Monday, 9 May 2011

Oh You Fickle F1 Fans...

So, did we all enjoy the F1 yesterday? Lots of overtaking, exciting stuff and my favourite team and driver winning! Fantastic!

What do you mean "too much overtaking"??

Whilst on Twitter this morning I saw a posting by Jon Noble (a reporter for Autosport) which suggested that overtaking has become too easy in F1. You can read the article here. I find it hilarious that apparently F1 fans have gone from brandishing pitchforks and torches shouting "There's not enough overtaking, Bernie!" to apparently shouting "The overtaking's too easy, Bernie!". You'd have though that we're all a fickle lot, but I want to examine what all the fuss is about.

Now, the overtaking debate has been going on for some time now. Last year we had very few overtakes, perhaps even less than the year before, and people as a result began to complain that racing was 'boring' or 'processional' with only pit stops providing the bulk of the passing opportunities. Why is this? Rather than the typical view that 'drivers can't be bothered', the answer is probably a matter of physics. You see, the cars now have such sophisticated aerodynamics packages that they create a wake of turbulent air, meaning that cars behind initially get into the slipstream when 1 second behind, but then are met by turbulent air which pushes them all over the place. As a result, it is very hard to get any close and get past. In order to combat this, the bizarre aero pieces which were stuck here, there and everywhere on the cars in 2009 were banned, leading to a more simple looking car. In 2010 we still faced similar issues, largely due to the downforce being produced by the cars (more turbulent air you see). So, in 2011 Bernie and the gang brought back KERS (the Kinetic Energy Recovery System) and introduced the DRS (Drag Reduction System) to aid drivers behind in overtaking.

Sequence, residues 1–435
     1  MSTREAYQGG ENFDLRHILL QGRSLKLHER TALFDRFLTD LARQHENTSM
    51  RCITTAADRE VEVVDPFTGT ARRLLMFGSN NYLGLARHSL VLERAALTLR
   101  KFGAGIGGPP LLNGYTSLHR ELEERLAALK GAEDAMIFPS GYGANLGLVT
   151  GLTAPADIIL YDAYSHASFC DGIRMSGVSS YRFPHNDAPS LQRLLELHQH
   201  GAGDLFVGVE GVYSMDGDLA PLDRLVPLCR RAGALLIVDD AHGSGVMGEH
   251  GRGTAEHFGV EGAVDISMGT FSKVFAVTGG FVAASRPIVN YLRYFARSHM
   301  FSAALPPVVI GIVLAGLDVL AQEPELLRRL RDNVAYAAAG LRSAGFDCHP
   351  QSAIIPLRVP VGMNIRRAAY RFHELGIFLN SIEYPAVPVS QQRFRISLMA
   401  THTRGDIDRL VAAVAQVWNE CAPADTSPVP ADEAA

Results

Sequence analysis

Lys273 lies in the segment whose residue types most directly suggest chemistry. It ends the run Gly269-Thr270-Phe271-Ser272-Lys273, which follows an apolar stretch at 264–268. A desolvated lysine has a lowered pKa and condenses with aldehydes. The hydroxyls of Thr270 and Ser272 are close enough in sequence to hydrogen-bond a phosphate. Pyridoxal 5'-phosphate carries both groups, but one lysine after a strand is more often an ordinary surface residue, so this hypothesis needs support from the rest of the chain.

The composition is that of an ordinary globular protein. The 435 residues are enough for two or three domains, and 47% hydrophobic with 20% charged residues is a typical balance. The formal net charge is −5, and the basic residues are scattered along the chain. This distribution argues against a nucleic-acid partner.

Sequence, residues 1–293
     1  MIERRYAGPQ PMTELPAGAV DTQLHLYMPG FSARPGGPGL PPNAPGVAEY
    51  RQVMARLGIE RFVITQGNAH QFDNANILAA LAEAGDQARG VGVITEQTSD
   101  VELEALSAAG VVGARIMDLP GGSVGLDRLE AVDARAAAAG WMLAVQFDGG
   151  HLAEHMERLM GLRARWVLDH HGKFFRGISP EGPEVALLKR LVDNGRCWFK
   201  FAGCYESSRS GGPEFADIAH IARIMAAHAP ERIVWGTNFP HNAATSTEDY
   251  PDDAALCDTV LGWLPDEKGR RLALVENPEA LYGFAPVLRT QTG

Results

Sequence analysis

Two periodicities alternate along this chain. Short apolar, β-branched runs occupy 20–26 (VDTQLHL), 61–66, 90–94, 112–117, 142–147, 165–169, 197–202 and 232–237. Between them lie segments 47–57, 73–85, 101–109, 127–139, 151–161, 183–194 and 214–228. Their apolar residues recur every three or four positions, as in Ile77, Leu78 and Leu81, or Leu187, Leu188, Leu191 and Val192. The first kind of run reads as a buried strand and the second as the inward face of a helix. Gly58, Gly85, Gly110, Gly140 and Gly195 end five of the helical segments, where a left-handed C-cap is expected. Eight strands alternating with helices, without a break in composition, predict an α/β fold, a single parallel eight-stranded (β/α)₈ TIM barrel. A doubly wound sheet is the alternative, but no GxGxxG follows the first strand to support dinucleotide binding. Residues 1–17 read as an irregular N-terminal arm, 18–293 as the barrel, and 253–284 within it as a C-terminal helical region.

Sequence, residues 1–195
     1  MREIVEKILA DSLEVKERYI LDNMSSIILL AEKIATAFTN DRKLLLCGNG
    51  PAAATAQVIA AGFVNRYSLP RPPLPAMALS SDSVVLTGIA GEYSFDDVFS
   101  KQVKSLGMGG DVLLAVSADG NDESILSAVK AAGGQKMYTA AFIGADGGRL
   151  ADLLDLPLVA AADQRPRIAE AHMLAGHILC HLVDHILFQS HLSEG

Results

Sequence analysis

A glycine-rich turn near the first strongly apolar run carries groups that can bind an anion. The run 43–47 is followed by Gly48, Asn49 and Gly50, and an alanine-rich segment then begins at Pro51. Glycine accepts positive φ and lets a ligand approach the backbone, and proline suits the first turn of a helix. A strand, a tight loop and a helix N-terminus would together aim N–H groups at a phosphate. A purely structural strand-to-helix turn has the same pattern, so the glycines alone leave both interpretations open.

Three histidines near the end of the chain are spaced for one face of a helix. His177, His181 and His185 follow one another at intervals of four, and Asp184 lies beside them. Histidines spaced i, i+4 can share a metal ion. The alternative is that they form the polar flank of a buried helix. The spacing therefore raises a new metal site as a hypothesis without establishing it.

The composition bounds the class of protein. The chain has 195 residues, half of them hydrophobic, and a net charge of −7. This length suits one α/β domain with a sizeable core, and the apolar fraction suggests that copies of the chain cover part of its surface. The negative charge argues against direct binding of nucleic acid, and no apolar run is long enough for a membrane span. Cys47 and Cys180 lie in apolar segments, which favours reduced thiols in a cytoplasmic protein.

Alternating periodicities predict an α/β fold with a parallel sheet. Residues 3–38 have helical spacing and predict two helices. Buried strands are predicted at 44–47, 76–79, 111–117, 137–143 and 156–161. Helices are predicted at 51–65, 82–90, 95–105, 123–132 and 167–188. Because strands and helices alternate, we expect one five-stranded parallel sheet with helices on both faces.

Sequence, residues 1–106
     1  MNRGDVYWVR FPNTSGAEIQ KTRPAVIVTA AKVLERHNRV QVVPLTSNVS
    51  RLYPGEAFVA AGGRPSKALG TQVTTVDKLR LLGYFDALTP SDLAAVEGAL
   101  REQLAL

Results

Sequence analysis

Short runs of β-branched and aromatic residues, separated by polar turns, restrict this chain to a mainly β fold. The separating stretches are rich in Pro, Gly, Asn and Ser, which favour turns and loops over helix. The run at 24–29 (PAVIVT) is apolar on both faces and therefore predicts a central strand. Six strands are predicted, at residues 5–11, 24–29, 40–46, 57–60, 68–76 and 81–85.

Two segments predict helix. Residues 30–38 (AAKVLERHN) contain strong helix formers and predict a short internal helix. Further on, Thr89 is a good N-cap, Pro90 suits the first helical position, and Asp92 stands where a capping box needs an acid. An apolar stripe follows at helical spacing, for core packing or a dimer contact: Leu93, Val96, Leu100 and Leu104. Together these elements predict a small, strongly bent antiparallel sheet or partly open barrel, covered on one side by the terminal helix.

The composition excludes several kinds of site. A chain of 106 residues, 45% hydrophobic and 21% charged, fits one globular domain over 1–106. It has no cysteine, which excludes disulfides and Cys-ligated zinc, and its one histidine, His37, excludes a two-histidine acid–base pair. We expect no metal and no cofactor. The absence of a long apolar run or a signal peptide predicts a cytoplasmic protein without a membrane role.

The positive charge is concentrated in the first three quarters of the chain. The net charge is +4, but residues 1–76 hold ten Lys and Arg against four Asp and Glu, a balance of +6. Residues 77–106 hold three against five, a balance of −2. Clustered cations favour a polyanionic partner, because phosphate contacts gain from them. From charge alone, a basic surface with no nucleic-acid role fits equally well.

In order to understand this a little bit more, let me explain what exactly KERS and DRS are. KERS is a system whereby energy from braking is stored as electricity and is then converted into extra horsepower. The drivers charge their KERS unit over a lap, and have the energy available to them on the following lap. This leads to a system whereby the drivers constantly charge and use the energy available. There is no set place where drivers can use KERS, rather they press one of many buttons on the steering wheel to activate it. Generally, KERS is vital at starts where there is a long run to the first corner and in places where there are long straights generally. This season, Red Bull have been having issues with KERS, having not run it in 2009 like many other teams. KERS is meant to aid overtaking by providing an extra boost to the drivers when they are close to a car in front - or indeed to try and escape the car behind!

Now, the DRS is new. The drivers are able to press a button to open a flap on the rear wing, which reduces the drag caused by being in the turbulent air of the car in front. In contrast to KERS, the DRS is only available at a set point on the track (as decided by Charlie Whiting), and then only when a driver is within one second of the car in front - so no using DRS to escape from an oncoming driver. Turkey showed us just how well the DRS and KERS can be in conjunction with each other - there were loads of battles between drivers, even between team mates (though not Red Bull, much to Christian Horner's relief following on from 2010).

Despite these systems of KERS and DRS giving us exciting racing, people have been debating whether they are such a good thing. People have been arguing that overtaking is now artificial, and not down to driver skill. Rather than drivers having to negotiate their overtaking maneuvers on other drivers, they can simply press two buttons and go past.

However, I don't see it like this. If you get a driver who guards the necessary lines into corners, no amount of speed or drag reduction will allow them past. Drivers must therefore negotiate which line to take, as well as how to defend. Not forgetting that drivers don't automatically pull away from another when they have overtaken (unless they're one of the elite teams), and so the driver who has just overtaken another could find themselves being retaken! Just look as the battle between Jenson Button and Lewis Hamilton - because the drivers were equally matched in terms of car, several overtakes took place which made for exciting racing.

So if we take this into account I don't think we can complain about the overtaking being too easy - any overtaking is good, regardless of how it comes about. If a driver has the presence of mind to use his KERS and DRS and is able to overtake another, that is down to the driver. We shouldn't see KERS and DRS as some sort of 'push to pass' system, but rather tools which help the drivers to battle with others and give us more of a show. So to all you F1 fans out there who aren't so happy with the new systems - just get over it and enjoy the racing!